This much I remember from my International Law class, because this was the crux of it: states (nations, countries) can do what they want. They can forge agreements, and they can break them. There’s little to stop them from doing so. Sometimes sanctions work, sometimes they don’t; and with the number of states in the world, no matter how radical your political program, you’ll be able to find a neighbouring state that will side with you.
Really, it’s just a freakin’ mess.
And I think of this because of the first line in this song: “In the event that this fantastic voyage…” “In the event” invokes memories of contractual language. It makes me think of legal clauses that are broken, sometimes deliberately, because it’s better for the self-interested party to take the consequences of the breach than to uphold the promise.
Two of my law school colleagues, a few years ago, when they were still students, made an impression on the rest of us when they were invited to speak at the UN and somehow got some of the research they had worked on drafted into a few sentences into a resolution that was passed. They were heroes. Just for one day. Because at any time, resolutions can be tossed into the ether.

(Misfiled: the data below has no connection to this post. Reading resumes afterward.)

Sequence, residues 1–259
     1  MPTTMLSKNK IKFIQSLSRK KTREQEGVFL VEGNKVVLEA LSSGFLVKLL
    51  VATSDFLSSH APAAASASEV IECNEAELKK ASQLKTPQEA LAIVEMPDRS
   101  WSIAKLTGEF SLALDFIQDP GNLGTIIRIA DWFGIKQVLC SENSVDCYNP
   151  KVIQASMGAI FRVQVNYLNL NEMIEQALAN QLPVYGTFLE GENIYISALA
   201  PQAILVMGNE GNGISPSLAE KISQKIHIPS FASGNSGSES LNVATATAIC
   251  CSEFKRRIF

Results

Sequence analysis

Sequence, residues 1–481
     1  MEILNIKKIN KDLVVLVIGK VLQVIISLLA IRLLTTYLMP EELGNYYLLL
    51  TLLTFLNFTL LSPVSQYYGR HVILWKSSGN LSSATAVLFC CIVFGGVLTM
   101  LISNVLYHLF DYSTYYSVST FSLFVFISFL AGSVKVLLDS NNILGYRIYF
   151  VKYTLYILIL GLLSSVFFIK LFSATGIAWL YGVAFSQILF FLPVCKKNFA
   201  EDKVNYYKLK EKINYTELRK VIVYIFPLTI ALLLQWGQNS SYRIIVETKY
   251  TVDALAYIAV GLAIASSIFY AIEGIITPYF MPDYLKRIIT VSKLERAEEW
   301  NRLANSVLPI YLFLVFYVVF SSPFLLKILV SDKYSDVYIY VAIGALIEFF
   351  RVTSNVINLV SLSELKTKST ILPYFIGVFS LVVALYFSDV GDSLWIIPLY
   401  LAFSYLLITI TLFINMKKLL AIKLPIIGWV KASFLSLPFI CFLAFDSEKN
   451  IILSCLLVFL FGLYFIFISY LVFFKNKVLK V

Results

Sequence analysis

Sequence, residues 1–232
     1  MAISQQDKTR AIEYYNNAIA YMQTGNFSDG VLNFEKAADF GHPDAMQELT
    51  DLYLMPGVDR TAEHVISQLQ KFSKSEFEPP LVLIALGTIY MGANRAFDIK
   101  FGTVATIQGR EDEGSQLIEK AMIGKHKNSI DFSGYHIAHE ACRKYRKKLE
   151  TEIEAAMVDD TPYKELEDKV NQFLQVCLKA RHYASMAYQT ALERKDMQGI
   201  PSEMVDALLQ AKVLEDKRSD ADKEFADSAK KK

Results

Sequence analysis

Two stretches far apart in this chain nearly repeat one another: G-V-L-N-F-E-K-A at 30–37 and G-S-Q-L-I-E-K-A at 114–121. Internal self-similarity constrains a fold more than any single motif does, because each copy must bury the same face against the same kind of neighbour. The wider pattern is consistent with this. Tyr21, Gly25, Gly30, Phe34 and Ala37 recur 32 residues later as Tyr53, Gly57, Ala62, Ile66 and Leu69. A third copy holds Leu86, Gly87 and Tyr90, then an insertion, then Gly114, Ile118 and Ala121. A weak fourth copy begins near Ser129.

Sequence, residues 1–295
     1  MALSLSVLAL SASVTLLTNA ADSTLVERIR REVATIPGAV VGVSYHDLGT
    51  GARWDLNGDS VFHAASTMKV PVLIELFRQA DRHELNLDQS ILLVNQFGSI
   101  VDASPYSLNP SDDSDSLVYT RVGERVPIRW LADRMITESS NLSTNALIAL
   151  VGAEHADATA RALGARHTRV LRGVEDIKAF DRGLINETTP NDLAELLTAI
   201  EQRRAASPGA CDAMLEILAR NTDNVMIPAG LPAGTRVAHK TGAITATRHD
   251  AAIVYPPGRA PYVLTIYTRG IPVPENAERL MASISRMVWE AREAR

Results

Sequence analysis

According to a few critics, The Next Day may indeed have some major political themes. Or it might not; depending on how you interpret Bowie’s lyrics. Political treatises are not a major feature of Bowie’s past work; but maybe, they will be part of his future catalogue. Fantastic Voyage is political, we know, because it talks about missiles.
This video is a static shot with the studio version of the song in the background. The live versions Bowie performed as part of the Reality tour are in many ways more enjoyable; but this version is deeper, more authentic; it’s the song as sung in a 1979 context instead of a post-9/11 one. And somehow, I feel, that’s where the song belongs.